Gautaman Bhaskaran
an indian journalist
Contact Me
Home Page
Site Search
© Copyright 2004

 

WORLD CINEMA

Festivals

---------------------


Venice 2007: Triumphing against odds

A few weeks before the 64th edition – though 75th anniversary – of the Venice Film Festival began, I read reports of it having the best selection of movies in 10 years. I dare say the reports were correct. The choice of films was superb, and I got to watch several that pleased me.

Kierston Wareing in It's a Free World
Here are two connected by a common thread: of individuals triumphing against severe odds. Ken Loach’s “It’s a Free World” – which was not as compelling as his earlier “The Wind that Shakes the Barley”, Cannes Golden Palm winner in 2006 – is drama at its cinematic best. A great script wonderfully shot and intelligently edited, the movie is engaging throughout. It is the story of a young spirited English woman, Angie (played by newcomer Kierston Wareing), who, failing to command respect from her male colleagues in the employment/recruitment agency she works for, opens her own centre with the help of her roommate. Angie overcomes terrible odds, including abuse and violence. However, when problems multiply she gets ruthless, violating rules and hardening her stand on the plight of those who depend on her for a living.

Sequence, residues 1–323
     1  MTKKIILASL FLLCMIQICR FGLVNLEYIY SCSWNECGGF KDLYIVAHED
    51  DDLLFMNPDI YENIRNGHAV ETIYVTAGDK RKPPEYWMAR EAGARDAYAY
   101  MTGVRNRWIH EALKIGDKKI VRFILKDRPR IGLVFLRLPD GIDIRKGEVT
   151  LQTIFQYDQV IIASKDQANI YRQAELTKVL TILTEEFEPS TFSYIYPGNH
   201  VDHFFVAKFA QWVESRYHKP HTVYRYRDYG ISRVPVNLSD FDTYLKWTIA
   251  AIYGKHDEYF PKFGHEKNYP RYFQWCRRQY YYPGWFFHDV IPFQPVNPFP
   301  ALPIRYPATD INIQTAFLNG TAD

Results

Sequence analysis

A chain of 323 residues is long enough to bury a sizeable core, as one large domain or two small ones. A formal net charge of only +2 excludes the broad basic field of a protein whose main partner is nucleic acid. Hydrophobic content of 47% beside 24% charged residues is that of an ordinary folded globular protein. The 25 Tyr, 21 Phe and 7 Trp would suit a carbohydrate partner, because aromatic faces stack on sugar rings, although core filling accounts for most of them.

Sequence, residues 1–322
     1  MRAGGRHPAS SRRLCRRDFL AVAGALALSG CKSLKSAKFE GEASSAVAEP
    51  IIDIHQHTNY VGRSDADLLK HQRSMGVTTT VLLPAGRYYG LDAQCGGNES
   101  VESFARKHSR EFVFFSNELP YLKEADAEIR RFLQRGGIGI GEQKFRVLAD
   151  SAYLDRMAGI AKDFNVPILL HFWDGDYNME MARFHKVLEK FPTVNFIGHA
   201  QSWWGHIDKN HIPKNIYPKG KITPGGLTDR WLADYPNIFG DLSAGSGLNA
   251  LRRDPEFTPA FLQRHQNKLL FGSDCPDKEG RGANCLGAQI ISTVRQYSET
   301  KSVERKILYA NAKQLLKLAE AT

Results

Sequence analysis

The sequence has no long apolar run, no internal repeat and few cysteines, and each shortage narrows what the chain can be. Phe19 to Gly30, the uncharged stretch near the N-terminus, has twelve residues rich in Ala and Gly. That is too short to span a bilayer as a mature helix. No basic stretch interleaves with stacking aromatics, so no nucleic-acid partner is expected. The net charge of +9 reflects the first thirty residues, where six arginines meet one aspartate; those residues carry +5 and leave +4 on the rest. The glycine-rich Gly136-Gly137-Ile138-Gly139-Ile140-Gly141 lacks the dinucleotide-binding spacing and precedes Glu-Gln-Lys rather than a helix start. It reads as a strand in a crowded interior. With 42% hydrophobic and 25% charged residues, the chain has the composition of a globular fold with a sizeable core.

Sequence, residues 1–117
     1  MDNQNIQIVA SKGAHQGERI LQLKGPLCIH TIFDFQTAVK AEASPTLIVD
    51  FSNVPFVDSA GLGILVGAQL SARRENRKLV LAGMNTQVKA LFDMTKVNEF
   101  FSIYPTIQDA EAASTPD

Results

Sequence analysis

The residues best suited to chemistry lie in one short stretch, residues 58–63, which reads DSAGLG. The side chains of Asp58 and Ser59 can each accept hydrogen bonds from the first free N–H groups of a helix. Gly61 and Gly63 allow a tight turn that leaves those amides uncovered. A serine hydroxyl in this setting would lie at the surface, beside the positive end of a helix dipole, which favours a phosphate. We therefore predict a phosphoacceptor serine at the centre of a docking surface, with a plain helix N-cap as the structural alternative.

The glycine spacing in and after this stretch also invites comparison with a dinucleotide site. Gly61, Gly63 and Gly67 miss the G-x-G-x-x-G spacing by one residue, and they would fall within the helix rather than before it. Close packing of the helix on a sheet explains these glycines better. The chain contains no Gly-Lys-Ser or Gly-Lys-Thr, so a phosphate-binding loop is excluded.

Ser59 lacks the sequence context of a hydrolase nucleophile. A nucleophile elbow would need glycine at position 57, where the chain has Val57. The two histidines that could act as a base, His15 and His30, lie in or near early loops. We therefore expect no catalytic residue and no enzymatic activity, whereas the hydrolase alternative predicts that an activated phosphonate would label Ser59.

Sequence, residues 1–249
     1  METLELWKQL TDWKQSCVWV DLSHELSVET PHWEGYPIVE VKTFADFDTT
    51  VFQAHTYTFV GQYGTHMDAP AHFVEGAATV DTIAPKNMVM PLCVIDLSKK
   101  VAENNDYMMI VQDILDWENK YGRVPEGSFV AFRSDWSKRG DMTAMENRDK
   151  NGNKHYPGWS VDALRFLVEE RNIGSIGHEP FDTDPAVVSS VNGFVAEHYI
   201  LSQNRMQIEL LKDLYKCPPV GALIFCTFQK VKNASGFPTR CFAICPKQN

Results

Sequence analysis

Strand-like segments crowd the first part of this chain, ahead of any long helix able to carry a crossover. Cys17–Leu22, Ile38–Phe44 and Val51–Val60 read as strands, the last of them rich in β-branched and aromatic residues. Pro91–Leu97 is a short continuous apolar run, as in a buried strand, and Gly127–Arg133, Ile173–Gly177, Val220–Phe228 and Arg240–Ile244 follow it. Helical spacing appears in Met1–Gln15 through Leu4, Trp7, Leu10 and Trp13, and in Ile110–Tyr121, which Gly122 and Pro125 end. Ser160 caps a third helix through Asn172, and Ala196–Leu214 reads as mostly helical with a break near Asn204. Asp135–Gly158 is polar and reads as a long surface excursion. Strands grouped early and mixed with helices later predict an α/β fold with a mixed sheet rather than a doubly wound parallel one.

Loach is 81, and has been unwell with a minor stroke. Yet, his films have not lost their sheen, and are as entertaining as they are provocative. “It’s Free World” is an insightful document on the hassles immigrants face in Britain. Scenes of people huddled into tiny vans that take them to their workplaces every morning are disturbing, and when some of them assault Angie and get from her the money their employers owe them, it conveys the terrible predicament of illegal immigrants.

A single mother, Angie represents a small part of a big problem, and her tough stance sees her through the dark night, in fact many dark nights, but she is helpless when it comes to nurturing a relationship with a bright, young Polish immigrant. Such is the contradiction in her.

A patriarch of a large Arab immigrant family in France forms the subject of Abdellatif Kechiche’s “The Secret of the Grain”. He is, in fact, the counterpart of Angie, firm and solid. When he loses his 35-year-old job in the docks, he decides to use his severance pay for opening a restaurant on an old ship he buys. He gets the most support from the daughter of his lover.

Although the movie’s frequent close-ups, particularly those showing people with mouthful of food, can be an unpleasant distraction, “The Secret of the Grain” builds up to a fine climax, absolutely unexpected.

The writing and acting are good, but the family gatherings appear wee longer because of the helmer’s penchant for close-ups. There were times when I felt that he should have cut the scene. Despite this, the film makes its impact, and one remembers the visuals long after the screen has come down.

(Webposted September 8 2007)